Jacquie and Rich are a fabulous singer-songwriter duo called Small Potatoes. They’ve been a big part of the household soundtrack these days, so darned if they didn’t inspire this post.
Potato entered English in the 1560s form the Spanish patata. The Spanish borrowed the word from the people of Haiti, who called their native sweet potato batata. The paler tuber brought to Europe in 1565 from Peru is the tuber most first-world folks think of today as the potato: the potato of Idaho, of Ireland, of infamous emigration-inspiring famines, though it wasn’t called a potato until 1590. Oddly, this interloper was referred to both as the Virginia potato (geographic confusion, you say?), or the bastard potato (at the time it had to play second fiddle to the sweet potato).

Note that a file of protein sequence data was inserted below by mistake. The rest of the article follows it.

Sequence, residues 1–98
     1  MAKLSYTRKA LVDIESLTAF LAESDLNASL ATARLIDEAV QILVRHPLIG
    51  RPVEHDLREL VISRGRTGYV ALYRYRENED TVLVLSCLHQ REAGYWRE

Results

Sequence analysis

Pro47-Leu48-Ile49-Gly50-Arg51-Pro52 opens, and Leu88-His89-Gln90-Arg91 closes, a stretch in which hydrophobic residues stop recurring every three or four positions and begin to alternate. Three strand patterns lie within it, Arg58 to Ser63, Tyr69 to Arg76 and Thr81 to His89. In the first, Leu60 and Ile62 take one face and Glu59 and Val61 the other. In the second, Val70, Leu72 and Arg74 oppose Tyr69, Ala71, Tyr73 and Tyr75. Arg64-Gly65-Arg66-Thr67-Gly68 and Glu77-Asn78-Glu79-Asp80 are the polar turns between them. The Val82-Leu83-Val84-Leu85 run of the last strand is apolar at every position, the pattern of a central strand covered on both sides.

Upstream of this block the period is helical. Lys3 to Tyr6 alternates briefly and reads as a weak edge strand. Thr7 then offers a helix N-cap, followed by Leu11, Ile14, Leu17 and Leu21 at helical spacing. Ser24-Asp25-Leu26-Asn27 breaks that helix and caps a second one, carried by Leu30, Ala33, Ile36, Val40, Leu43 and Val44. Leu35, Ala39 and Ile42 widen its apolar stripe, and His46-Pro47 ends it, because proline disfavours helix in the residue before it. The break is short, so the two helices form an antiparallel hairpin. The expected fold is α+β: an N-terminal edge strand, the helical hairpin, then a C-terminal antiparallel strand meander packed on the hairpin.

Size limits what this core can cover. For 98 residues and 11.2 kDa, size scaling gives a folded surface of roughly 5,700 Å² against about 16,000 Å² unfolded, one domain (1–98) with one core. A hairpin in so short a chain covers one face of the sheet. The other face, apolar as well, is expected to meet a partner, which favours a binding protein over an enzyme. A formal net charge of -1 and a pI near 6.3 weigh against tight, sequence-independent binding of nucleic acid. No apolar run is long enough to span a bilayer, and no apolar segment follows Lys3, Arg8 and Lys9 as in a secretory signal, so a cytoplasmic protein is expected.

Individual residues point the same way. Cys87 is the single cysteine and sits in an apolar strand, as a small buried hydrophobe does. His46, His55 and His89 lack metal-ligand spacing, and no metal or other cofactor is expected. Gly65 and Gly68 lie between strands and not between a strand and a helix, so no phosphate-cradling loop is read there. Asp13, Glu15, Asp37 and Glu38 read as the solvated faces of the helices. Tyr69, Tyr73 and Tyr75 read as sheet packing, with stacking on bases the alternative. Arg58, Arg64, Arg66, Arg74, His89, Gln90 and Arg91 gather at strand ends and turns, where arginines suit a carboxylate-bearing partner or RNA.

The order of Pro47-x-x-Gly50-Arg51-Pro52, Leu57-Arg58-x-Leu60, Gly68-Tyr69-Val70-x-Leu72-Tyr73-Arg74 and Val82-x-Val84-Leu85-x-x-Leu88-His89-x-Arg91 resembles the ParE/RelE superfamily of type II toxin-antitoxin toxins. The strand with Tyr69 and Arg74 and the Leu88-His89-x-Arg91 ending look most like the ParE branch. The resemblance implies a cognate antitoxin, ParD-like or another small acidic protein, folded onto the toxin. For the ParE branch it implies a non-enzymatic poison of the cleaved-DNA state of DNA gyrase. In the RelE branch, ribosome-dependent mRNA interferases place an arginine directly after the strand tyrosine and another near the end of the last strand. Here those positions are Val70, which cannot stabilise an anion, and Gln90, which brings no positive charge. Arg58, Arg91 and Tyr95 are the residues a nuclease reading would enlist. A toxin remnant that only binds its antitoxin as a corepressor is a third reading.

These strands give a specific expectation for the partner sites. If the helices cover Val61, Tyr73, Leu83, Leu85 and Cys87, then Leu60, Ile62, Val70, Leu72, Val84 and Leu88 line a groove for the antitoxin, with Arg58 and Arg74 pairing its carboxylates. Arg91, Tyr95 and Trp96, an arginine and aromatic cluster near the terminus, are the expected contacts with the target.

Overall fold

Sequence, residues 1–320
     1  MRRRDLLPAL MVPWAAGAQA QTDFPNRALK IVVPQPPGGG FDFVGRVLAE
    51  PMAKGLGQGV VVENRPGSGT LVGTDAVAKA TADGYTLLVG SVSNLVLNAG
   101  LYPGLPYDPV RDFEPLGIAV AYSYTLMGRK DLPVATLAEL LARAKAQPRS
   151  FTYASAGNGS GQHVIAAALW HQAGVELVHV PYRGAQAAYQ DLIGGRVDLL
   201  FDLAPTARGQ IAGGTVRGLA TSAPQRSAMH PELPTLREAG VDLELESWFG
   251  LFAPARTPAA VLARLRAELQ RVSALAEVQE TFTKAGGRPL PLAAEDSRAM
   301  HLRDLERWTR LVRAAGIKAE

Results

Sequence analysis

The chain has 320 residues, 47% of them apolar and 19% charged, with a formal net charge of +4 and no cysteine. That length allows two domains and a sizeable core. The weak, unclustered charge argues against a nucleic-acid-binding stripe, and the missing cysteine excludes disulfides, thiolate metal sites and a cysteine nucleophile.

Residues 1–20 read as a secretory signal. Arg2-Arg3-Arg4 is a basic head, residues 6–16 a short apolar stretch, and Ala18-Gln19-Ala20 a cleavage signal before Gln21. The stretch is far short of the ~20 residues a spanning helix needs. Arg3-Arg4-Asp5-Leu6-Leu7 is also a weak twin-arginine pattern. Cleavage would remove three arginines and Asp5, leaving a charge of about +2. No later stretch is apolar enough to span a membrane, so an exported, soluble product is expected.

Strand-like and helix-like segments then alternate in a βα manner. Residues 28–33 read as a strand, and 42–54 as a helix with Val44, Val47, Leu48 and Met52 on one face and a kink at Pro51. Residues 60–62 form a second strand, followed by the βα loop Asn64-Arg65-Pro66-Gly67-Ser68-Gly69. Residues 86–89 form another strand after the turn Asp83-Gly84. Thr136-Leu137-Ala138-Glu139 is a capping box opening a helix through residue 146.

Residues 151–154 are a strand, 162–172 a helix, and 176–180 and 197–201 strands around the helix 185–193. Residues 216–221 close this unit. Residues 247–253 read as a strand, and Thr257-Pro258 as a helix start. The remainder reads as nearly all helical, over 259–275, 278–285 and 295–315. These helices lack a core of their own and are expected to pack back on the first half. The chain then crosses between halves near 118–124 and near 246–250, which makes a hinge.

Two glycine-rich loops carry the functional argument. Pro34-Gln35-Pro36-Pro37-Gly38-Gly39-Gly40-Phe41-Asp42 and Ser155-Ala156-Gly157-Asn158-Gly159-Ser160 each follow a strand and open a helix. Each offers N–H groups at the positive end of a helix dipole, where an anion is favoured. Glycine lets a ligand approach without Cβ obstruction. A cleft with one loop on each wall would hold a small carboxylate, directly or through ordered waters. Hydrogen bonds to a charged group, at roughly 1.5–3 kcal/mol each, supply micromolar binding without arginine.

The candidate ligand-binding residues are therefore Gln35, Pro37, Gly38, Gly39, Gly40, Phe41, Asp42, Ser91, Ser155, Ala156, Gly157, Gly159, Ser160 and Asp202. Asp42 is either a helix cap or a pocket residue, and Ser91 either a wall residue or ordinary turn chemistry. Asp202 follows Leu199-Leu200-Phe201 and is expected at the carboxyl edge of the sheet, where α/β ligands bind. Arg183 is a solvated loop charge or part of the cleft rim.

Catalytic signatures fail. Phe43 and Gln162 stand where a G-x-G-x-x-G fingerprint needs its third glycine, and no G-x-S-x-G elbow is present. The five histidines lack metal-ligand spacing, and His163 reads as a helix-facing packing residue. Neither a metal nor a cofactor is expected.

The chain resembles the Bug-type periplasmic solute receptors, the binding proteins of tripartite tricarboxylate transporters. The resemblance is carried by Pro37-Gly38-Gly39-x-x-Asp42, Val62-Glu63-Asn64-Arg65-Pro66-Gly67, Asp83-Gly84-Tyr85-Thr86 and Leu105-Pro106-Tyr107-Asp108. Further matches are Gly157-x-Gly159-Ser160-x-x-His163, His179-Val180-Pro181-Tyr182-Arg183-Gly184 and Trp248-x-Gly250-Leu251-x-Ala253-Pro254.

The word tuber came to English in the 1660s from a Latin word meaning thick underground stem. It’s Proto-Indo-European root tubh-, which meant to swell, also gave us the word thigh.
My preferred term for potatoes is spuds, a word first applied to our friend the potato in New Zealand about 1845. Though nobody’s sure, spud appears to have come to English from Danish or Old Norse, where it meant spear, lance, & spade. That third meaning might certainly lead to spud’s modern meaning, though at some point in the 1680s English speakers also began using the word spud to refer to a short stumpy person or thing. Hmmm.
Have a minute? Check out Rich & Jacquie singing a ridiculous Who’s-On-First type song all about a traveling salesman meeting the Knott family: Shirley, Mae Bea & Wy.
Have another minute? Please leave a comment about all these potato-related etymologies, or about the musical group, Small Potatoes.
Big thanks to this week’s sources: Wordnik, Etymonline, Merriam Webster, the OED.
I write for teens, narrate audio books, bake bread, play music, and ponder the wonder of words in a foggy little town on California's central coast.